Hello, I am setting up a Ubuntu GNU/Linux server which will combine:
1) Software RAID1 (using mdadm) - To provide data protection against hardware failure
2) Logical Volume Manager (LVM) - Allowing flexibilty in organising my data and the ability to easily add more capacity in the future.

So far I have successfully:
1) Set up RAID1 using mdadm and created /dev/md0
2) Set up LVM making /dev/md0 a Physical Volume attached to a Volume Group called: vg_data. I have a Logical Volume called: lv_shared mounted on /home/shared :

NAME        FSTYPE LABEL UUID                                 MOUNTPOINT
└─sda1      ext4         0xxxxxxx-2xxx-4xxx-8xxx-1xxxxxxxxxxx     /
└─sdb1     linux_raid_member ubuntu:0        02342342-2333-4444-8888-111111111111
  └─md0    LVM2_member                       57e241ad-aee3-4486-8eaa-222222222222
    └─vg_data-lv_shared ext4                 048b529c-2e39-4f49-83c9-333333333333    /home/shared
└─sdc1     linux_raid_member ubuntu:0        02342342-2333-4444-8888-111111111111
  └─md0    LVM2_member                       57e241ad-aee3-4486-8eaa-222222222222
    └─vg_data-lv_shared ext4                 048b529c-2e39-4f49-83c9-333333333333    /home/shared

My Question

This is fine if there is a hardware failure on one of the data disks, but how do I go about creating an offsite backup of the above setup?
The backup must be able to restore the entire system completely if something went wrong using just the offsite backup.

After reading up lots on the subject I found the following options but as I am completely new to this and want to ask and see what the community would recommend from their experience.
1) LVM snapshots
2) Duplicate one of the RAID drives. EG: (where sdd is my offsite backup physical disk.)

dd if=/dev/sdb of=/dev/sdd bs=64K conv=noerror,sync status=progress

What would the recovery process look like for the above backup methods?

I am really stuck on this and any pointers/links to relevent articles/suggestions would be really appreciated as I've spent a lot of time trying to figure out what to do, and my comfort zone is nowhere to be seen.

Thank you for reading my question and I hope it makes some sense to someone!

Update 1:
If I were to use rsync wouldn't I loose the Logical Volume Management scheme. A new problem also arises if you imagine that I expand the above setup to contain 3 pairs of RAID1. I then add those to expand total capacity of the logical volume. I would need to rsync the logical volume mount point (to copy all data) which would then contain 3 hard drives worth of data. This would need to be copied to span over multiple offsite drives (as I don't have a single drive that has the capacity of all 3 drives.) Is this possible using rsync. The more I think of this problem the only solution I can think of is making a backup server with the same configuration located offsite?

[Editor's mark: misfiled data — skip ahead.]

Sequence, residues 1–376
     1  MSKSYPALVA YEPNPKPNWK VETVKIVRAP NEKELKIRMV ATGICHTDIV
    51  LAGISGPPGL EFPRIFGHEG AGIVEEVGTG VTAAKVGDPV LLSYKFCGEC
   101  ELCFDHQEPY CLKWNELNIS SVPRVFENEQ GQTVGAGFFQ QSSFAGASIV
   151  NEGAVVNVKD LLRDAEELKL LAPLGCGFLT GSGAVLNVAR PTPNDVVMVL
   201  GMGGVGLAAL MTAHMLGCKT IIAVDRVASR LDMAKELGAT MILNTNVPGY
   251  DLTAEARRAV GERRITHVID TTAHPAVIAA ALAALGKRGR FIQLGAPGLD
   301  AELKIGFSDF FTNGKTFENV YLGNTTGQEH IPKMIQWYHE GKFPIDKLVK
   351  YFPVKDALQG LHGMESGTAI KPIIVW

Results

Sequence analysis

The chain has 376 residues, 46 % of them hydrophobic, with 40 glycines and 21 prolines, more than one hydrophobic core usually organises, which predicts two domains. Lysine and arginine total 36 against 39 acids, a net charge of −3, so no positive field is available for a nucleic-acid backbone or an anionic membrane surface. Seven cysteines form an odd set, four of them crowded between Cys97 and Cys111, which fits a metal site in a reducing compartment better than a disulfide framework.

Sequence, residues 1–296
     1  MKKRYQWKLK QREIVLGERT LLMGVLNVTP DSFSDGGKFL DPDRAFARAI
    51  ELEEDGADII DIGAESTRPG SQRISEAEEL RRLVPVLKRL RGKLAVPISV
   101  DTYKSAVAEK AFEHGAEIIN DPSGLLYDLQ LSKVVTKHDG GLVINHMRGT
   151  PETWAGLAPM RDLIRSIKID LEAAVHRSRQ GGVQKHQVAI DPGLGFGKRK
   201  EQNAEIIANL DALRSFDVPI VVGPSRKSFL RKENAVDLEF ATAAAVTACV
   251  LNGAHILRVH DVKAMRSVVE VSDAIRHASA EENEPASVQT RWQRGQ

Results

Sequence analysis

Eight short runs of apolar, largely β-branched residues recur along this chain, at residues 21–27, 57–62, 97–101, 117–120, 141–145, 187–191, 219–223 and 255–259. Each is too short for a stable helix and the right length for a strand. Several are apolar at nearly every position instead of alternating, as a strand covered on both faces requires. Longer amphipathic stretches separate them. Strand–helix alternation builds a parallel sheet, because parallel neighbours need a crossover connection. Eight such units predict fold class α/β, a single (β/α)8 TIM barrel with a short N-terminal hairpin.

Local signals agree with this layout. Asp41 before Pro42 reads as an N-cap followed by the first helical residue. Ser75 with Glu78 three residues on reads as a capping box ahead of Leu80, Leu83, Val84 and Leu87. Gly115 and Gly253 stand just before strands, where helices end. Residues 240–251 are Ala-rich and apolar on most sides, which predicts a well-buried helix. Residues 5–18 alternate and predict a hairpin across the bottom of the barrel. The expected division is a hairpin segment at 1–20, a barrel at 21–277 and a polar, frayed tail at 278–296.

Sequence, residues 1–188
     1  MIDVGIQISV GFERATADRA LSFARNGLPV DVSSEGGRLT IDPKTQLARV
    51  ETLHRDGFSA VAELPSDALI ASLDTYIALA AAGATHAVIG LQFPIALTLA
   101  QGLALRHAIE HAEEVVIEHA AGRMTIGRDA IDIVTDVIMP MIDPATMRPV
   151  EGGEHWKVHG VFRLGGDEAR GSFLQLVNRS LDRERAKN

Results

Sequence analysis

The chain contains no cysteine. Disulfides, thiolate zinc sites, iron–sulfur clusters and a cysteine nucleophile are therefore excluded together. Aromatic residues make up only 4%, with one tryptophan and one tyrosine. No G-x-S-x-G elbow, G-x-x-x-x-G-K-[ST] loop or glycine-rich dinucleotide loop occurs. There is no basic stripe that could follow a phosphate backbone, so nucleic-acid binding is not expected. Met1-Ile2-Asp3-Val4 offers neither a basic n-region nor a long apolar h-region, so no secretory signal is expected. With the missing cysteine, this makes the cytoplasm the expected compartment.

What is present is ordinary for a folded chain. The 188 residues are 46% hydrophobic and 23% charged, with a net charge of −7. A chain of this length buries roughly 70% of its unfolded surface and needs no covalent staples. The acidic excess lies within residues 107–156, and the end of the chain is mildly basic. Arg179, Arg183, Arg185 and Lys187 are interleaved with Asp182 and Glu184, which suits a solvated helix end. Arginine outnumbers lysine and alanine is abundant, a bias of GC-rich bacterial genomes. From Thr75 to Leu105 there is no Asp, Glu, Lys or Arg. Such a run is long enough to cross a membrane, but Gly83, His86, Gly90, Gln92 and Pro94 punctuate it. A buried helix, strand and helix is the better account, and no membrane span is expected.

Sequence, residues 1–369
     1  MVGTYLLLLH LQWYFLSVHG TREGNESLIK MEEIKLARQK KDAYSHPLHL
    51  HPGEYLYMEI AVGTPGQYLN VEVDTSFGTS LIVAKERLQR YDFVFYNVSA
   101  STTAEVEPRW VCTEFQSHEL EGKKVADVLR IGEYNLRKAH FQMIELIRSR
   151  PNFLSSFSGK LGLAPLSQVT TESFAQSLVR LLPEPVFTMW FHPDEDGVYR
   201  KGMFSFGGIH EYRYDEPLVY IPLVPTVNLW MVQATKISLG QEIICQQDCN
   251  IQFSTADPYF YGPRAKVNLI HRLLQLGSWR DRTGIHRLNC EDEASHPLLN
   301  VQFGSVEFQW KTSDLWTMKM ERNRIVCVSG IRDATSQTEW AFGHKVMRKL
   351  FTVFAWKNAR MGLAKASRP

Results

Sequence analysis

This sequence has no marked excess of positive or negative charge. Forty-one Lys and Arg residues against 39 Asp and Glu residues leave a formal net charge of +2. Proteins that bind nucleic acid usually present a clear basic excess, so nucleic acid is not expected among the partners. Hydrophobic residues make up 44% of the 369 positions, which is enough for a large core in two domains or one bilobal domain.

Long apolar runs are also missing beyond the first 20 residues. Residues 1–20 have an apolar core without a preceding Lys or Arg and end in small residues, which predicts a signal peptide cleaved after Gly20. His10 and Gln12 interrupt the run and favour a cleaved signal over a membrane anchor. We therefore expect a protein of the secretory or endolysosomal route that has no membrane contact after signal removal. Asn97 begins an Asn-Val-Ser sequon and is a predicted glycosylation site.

• 1
    Are you asking us "how do I make a backup?"...? (In all fairness, that's far, far better than the people who come after a failure and ask "how do I restore my data?", but it's still something even an aspiring sysadmin would be expected to know.)
    – user
    Apr 18, 2017 at 21:42
  • Yes, how would you go about making an offsite backup of the above system? Apr 18, 2017 at 22:01

2 Answers 2


I think you should use rsync for off-site backup. It's will reduce daily backup traffic. Save files, not disks.

  • Thanks for you response. Please see my updated question. Apr 19, 2017 at 16:44

Offsite backup need to be bandwidth-efficient, so forget about using a raw dd to copy the disks/volumes to a remote location. Moreover, it is not generally needed to preserve the precise partition/logical volume layout for remote (read: slow and last effort) backups.

I'll try to show you the various possibilities, ordered by efficiency:

  • use rsnapshot (itself based on rsync) to copy the data to a remote location, exploiting hard-links (on the remote side) to have multiple point-in-time backups. The first backup will take some time, but subsequent ones will be much faster. For preserving information about partitions/lvm, simply backup the output of lsblk; fdisk -l /dev/sdX; pvs; vgs; lvs
  • use GlusterFS geo-replication, which is again based on rsync
  • use dump and/or tar to make full and incremental/differential backups, sending them to the remote location via ssh
  • use bdsync or blocksync to backup the raw data disks to a remote location. Pay attention to a) run these utilities against a snapshot of the source volume and b) to really know how they works
  • use DRBD + DRBD proxy to have a real-time, block-synchronized remote server. Be sure to understand that a) DRBD proxy is a paid addon and b) this will not protect you from human error/sabotage, as changes are immediately sent to the remote side (think it as a network RAID1)

In short, there is not a silver bullet. However, I strongly suggest you to take the rsnapshot/rsync route.

  • Thank you for your insightful reply shodanshok. I am reading through the links you shared. It was particularly helpful that you showed me how to preserve info on the partitions/lvm! Apr 19, 2017 at 22:27

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